Featured Articles

  • Manga for Girls: New York Times Walk into almost any chain bookstore and you're likely to find a teenage girl sprawled on the floor reading manga -- thick black-and-white comic books by Japanese authors ...
    Posted Aug 28, 2015, 6:23 AM by Sarah Glazer
  • New Ways to Talk About Cancer: Comics, Cartoons, and the Graphic Novel Nancy K. Miller is a literary scholar, memoirist, and the author or editor of more than a dozen books. Her new memoir, Breathless: An American Girl in Paris, will be ...
    Posted Aug 28, 2015, 6:16 AM by Sarah Glazer
  • Graphic Medicine: Comics Turn a Critical Eye on Health Care A patient arrives in the emergency room apparently in a comatose state. But is he really unconscious or just faking? The young doctors on duty are skeptical. Failing to get ...
    Posted Aug 28, 2015, 6:05 AM by Sarah Glazer
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Latest Articles

  • A partial list of recently published articles by Sarah Glazer.

  • CQ Researcher European Migration Crisis v.25-28

    Members of the European Union (EU) are feeling besieged by a rising tide of refugees fleeing conflict and migrants seeking economic opportunity. Many of the refugees, who are mainly from the Middle East and Africa, are crossing the Mediterranean on overloaded boats or traveling via treacherous land routes, often victimized by unscrupulous human traffickers. National leaders disagree on what to do, other than fortify Europe’s borders. Refugee organizations say strengthened borders will just push migrants, who have been dying by the thousands, to try even more dangerous routes. An EU plan to send navies to destroy smugglers’ boats faces similar criticism. Some economists argue that Europe needs more migrants to bolster its aging workforce. However, polls show most Europeans want fewer immigrants amid worries about unemployment and terrorism. Violent conflicts far from Europe — primarily the Syrian civil war — are driving this year’s surge. That leads some observers to argue that an international solution to the migration crisis is needed.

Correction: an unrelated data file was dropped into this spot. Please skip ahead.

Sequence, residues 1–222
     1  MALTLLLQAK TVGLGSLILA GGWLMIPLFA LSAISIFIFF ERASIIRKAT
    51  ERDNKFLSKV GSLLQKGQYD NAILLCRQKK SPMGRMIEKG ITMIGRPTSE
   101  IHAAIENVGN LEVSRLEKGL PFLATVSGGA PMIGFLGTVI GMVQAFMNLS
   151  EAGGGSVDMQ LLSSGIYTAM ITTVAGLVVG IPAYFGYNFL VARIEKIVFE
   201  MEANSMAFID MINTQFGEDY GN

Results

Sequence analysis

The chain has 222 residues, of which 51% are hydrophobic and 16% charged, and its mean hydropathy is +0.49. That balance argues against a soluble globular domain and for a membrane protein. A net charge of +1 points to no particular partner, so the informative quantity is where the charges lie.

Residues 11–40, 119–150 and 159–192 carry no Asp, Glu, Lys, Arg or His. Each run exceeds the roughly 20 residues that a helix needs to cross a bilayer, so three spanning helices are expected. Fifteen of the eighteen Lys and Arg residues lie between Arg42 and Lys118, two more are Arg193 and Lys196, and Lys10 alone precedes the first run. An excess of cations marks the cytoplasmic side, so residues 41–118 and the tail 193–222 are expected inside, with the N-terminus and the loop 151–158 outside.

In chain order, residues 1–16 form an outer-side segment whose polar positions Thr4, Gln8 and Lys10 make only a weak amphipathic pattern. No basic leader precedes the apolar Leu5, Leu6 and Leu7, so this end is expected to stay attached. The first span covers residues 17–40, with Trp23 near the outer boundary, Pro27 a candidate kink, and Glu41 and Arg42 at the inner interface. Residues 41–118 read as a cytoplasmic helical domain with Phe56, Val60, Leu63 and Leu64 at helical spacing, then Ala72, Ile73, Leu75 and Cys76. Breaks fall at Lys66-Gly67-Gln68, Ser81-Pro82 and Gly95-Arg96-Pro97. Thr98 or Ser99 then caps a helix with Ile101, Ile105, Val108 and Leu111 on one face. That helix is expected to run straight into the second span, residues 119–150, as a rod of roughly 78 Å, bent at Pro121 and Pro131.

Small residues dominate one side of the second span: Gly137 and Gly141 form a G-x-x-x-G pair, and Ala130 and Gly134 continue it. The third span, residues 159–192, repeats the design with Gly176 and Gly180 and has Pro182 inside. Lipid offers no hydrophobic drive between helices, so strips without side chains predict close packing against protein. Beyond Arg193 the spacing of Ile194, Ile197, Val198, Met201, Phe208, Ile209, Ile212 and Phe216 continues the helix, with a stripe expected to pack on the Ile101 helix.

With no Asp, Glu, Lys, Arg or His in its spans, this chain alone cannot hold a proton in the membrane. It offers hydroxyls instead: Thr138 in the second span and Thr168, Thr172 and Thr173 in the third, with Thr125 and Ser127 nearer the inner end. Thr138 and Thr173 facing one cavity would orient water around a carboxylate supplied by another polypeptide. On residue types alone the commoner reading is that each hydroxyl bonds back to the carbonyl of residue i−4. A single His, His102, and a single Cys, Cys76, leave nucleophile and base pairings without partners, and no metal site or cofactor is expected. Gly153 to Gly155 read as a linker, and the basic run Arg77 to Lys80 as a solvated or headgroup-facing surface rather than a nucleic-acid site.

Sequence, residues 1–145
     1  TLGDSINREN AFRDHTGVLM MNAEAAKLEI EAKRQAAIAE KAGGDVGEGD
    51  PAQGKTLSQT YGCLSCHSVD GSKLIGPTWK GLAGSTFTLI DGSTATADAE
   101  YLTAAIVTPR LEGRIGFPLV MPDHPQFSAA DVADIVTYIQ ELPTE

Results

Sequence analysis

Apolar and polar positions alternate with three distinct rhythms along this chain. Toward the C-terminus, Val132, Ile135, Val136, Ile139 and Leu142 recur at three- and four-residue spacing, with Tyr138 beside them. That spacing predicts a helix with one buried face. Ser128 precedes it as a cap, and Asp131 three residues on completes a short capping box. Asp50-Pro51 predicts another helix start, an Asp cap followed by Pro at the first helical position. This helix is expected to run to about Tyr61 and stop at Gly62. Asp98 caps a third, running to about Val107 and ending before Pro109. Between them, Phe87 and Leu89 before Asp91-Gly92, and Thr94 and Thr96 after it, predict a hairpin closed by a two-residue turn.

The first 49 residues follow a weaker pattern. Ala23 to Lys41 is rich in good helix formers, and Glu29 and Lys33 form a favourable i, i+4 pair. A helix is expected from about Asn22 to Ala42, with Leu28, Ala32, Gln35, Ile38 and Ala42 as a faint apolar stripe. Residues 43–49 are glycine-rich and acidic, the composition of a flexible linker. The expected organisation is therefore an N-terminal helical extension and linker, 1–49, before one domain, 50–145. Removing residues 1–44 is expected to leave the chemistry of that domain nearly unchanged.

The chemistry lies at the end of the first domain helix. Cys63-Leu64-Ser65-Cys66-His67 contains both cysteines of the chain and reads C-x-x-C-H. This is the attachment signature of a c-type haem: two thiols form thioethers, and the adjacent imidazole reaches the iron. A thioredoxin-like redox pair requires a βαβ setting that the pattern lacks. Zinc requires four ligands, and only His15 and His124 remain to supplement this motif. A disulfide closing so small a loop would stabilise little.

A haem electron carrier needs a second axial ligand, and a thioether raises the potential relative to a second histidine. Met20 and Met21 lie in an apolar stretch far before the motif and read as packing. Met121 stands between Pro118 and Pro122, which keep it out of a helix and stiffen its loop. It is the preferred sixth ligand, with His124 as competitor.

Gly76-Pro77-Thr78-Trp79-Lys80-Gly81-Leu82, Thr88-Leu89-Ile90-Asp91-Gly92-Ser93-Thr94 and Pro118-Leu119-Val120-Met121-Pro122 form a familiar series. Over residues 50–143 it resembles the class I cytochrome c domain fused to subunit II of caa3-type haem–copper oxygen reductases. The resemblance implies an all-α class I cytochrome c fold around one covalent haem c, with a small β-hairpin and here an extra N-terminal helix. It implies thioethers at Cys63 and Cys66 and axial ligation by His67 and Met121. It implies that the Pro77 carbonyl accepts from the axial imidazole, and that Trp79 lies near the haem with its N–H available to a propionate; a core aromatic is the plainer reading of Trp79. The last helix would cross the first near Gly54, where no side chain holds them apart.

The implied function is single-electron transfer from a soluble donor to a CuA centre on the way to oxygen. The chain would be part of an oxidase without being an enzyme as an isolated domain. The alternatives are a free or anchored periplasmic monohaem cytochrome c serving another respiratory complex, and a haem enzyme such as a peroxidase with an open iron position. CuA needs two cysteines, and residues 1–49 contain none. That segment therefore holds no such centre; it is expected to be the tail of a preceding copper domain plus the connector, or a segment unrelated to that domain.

CQ Researcher European Migration Crisis v.25-28
    Posted Aug 28, 2015, 5:44 AM by Sarah Glazer
  • CQ Researcher Free Speech on Campus v.25-18